On 28 September 2001, acting under Chapter VII of the United Nations Charter (concerning threats to international peace and security), the Security Council adopted Resolution 1373 (2001), reaffirming its unequivocal condemnation of the terrorist attacks which took place in New York, Washington, D.C. and Pennsylvania on 11 September 2001, and expressing its determination to prevent all such acts. Counter-Terrorism Committee Executive Directorate (CTED). The CTED is headed by its Executive Director, Mr Javier Rupérez at the Assistant Secretary-General level. Mailing Address: Counter-Terrorism Committee Executive Directorate (CTED), 405 Lexington Ave., New York, NY 10174, United States, (212) 457-1853, E-mail: CTED@un.org.
From Reaction to Prevention: Civil Society Forging Partnerships to Prevent Violent Conflict and Build Peace (New York, UN Headquarters, 19-21 July 2005). Conference on UN reform that would require the organisation to act quickly to prevent genocide.
Horst Fischer & Noelle Quénivet (eds) (2005)
Post-Conflict Reconstruction: Nation- and/or State-Building
Bochumer Schriften zur Friedenssicherung und zum humanitären Völkerrecht, Band 52, Berliner Wissenschaftsverlag, Berlin, 2005, 194 pp., ISBN 3-8305-1003-9
The Psychology of Terrorism
[Four Volumes, 2002]
Series: Psychological Dimensions to War and Peace
Chris Stout, Foreword by Klaus Schwab
The Common Ground News Service, August 9, 2005
Articles in this edition:
1. "The Inequality of Empathy" by Samir Shehata
Samir Shehata, an Egyptian-American professor at Georgetown University, asks why Americans find it easier to identify with the suffering of Londoners than with the suffering of Egyptians, Saudis or Iraqis, in the hopes of improving collective security based on a common humanity.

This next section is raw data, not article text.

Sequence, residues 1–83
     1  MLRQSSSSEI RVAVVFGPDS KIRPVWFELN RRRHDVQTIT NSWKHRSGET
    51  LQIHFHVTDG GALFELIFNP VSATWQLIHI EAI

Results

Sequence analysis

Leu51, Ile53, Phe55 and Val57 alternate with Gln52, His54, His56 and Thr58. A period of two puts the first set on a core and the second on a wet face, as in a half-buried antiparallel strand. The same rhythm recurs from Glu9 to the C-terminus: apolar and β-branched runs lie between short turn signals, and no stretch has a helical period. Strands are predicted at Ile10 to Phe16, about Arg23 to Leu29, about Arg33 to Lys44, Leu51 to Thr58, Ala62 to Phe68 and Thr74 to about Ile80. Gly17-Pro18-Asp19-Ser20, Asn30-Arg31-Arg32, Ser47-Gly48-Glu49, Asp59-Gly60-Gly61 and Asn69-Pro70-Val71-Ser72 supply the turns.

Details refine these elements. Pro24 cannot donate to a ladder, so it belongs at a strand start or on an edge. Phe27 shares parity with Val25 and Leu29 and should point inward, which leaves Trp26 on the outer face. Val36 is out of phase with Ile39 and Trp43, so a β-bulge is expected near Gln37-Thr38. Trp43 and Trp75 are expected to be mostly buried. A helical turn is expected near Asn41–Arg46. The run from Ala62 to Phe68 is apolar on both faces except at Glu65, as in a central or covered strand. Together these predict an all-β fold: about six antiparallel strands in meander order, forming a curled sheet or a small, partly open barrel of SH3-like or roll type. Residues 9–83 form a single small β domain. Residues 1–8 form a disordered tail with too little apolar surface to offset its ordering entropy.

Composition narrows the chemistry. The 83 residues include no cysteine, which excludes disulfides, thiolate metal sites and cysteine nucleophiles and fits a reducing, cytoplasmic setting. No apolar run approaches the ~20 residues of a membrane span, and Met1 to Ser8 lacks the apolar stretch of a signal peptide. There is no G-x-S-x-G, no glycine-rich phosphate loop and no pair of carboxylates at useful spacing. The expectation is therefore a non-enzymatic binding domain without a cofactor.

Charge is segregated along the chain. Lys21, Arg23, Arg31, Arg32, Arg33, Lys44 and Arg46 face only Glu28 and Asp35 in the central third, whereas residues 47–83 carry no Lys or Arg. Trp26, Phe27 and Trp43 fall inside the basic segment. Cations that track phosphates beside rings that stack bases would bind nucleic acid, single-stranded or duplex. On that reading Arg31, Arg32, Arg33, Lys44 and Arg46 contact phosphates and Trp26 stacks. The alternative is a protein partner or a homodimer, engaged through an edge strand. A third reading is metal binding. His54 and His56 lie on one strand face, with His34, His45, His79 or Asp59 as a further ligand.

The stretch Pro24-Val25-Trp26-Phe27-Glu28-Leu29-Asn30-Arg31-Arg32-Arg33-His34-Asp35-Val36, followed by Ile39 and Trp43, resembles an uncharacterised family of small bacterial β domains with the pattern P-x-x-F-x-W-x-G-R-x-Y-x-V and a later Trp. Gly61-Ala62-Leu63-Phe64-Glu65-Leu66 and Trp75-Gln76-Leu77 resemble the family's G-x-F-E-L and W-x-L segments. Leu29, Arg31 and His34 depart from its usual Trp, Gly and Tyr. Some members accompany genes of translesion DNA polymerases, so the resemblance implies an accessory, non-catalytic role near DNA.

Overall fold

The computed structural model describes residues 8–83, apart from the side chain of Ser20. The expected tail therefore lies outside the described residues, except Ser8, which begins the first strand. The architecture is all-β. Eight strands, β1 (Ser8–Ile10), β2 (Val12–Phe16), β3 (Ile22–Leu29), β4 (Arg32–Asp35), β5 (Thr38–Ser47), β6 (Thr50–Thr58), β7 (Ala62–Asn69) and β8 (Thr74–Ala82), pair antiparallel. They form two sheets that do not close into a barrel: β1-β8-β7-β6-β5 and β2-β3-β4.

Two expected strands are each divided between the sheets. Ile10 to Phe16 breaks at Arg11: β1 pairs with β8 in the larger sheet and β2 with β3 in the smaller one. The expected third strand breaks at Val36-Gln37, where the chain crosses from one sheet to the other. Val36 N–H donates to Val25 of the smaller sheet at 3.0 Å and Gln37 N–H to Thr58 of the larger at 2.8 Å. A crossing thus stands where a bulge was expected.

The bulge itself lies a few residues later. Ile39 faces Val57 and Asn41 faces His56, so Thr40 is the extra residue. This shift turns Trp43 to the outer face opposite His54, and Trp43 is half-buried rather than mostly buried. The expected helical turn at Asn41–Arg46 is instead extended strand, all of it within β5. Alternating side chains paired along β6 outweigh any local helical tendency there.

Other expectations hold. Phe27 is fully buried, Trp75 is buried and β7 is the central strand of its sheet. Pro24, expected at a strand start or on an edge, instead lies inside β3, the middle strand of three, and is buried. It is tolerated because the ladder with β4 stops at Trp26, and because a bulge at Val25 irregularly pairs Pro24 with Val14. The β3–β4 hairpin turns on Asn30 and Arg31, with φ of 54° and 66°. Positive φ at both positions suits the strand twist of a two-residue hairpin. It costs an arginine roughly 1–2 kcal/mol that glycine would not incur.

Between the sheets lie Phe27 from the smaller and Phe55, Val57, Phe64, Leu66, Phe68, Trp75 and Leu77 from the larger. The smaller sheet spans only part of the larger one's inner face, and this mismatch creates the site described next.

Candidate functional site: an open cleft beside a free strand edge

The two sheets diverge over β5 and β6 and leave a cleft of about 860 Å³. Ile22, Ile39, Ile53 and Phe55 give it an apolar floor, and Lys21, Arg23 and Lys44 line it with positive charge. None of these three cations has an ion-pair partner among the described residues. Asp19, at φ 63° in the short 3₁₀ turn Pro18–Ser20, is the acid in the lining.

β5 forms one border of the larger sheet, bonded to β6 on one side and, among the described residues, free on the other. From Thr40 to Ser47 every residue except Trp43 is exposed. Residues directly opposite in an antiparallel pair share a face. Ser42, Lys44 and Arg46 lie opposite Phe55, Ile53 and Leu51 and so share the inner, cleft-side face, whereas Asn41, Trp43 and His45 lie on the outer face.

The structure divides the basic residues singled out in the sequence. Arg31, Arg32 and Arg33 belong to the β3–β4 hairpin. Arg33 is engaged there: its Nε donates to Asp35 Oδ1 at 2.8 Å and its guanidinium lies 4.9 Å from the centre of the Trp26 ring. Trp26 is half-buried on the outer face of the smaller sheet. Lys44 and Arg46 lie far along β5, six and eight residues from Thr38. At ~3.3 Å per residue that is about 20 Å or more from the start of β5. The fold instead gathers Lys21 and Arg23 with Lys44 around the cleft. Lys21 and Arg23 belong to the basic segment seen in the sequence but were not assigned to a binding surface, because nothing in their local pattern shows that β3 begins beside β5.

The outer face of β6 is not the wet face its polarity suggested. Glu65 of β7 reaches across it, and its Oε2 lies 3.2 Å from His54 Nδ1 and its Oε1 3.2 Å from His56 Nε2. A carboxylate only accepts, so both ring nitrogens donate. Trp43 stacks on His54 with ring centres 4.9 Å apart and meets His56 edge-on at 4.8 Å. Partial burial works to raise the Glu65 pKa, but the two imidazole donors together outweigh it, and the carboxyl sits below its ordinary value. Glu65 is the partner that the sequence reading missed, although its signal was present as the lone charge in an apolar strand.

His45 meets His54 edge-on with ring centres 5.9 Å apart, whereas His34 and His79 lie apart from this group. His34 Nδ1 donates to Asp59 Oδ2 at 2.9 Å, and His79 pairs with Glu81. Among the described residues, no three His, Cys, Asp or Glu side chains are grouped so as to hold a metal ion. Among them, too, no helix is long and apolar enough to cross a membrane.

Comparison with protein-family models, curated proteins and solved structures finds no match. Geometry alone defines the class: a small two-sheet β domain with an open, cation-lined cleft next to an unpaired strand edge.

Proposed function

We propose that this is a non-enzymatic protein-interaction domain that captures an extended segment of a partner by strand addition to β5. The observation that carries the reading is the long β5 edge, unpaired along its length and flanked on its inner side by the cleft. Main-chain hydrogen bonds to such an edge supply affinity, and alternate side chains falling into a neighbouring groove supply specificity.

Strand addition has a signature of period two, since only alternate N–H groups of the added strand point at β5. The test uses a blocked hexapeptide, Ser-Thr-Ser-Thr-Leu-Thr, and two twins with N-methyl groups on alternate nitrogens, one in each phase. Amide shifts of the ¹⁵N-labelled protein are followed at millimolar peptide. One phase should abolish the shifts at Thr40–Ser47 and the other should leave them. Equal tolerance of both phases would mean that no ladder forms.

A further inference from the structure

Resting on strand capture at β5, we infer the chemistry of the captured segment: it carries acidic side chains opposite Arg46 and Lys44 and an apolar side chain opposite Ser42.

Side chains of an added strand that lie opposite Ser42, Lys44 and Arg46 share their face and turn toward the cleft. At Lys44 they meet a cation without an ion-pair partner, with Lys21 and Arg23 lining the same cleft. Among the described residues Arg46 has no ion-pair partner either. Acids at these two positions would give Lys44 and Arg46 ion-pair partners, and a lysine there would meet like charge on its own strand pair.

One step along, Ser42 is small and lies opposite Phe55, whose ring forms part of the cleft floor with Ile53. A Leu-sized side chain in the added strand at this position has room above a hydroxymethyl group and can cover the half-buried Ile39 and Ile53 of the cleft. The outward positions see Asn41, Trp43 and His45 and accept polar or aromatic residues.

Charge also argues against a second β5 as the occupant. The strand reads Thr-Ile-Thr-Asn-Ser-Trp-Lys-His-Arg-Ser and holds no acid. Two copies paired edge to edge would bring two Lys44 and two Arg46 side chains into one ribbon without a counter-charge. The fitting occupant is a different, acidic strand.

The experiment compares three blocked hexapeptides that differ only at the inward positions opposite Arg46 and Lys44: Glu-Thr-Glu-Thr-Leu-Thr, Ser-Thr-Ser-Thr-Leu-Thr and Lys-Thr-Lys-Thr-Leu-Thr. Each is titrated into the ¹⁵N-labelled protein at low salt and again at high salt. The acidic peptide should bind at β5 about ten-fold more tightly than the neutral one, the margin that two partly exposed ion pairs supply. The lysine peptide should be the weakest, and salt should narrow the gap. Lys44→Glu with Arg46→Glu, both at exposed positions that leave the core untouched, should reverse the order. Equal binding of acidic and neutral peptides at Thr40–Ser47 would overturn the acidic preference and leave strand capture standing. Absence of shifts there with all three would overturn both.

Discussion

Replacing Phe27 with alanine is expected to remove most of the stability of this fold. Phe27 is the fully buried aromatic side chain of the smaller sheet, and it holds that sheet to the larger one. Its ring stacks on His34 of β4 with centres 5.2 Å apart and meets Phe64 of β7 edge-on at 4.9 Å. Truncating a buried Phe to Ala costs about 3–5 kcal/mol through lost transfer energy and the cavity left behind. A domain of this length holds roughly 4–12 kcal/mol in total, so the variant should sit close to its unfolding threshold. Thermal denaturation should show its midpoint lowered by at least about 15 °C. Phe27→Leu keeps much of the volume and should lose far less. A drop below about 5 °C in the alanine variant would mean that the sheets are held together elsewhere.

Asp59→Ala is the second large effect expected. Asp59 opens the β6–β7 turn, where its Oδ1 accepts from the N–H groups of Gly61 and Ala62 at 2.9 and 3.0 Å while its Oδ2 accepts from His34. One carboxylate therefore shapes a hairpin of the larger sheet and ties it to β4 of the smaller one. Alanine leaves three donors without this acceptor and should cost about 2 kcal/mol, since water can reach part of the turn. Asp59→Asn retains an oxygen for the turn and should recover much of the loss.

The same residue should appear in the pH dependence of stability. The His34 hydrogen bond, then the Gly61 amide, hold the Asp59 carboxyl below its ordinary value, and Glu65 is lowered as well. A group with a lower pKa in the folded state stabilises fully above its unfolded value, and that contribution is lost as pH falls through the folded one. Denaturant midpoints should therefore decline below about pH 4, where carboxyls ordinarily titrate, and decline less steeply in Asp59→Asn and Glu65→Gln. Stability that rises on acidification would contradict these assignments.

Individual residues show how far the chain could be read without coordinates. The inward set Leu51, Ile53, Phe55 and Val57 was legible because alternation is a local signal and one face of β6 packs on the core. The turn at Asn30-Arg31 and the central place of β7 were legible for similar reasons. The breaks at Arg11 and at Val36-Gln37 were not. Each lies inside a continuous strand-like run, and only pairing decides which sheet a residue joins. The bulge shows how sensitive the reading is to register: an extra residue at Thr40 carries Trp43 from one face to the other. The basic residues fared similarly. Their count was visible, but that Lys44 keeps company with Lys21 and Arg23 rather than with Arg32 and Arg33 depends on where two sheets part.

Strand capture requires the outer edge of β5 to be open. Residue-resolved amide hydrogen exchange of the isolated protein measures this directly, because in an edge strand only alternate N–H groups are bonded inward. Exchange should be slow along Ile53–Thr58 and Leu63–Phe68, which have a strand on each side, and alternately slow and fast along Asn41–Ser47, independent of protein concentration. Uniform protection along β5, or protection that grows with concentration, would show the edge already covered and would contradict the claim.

(Source: Al Ahram, August 4-10, 2005)
2. "Beyond the condemnation of terrorism" by Louay M. Safi
Louay M. Safi, author of Peace And The Limits Of War: Transcending Classical Conception of Jihad, Tensions and Transitions in the Muslim World and the Challenge of Modernity, admires the "strong stand taken by American Muslim leaders against indiscriminate violence as a testimony of a remarkable maturity and the clarity of vision in dealing with a complex issue" and points out where both Muslim leaders and Western policies do not go far enough.
(Source: Middle East Times, August 2, 2005)
3. "Muslims in Europe: Cultural Integration Is a Two-Way Street" by Yasmin Alibhai-Brown
Yasmin Alibhai-Brown, Senior Researcher at the Foreign Policy Centre and writer of a weekly column in the Independent, talks about how fear and racism are preventing positive integration of minorities, particularly Muslims, in Europe. She warns readers that "[w]ithout socializing, real and virtual ghettoes soon form blotting out the common humanity we all share."
(Source: The Independent, August 2, 2005)
4. ~ Youth Views ~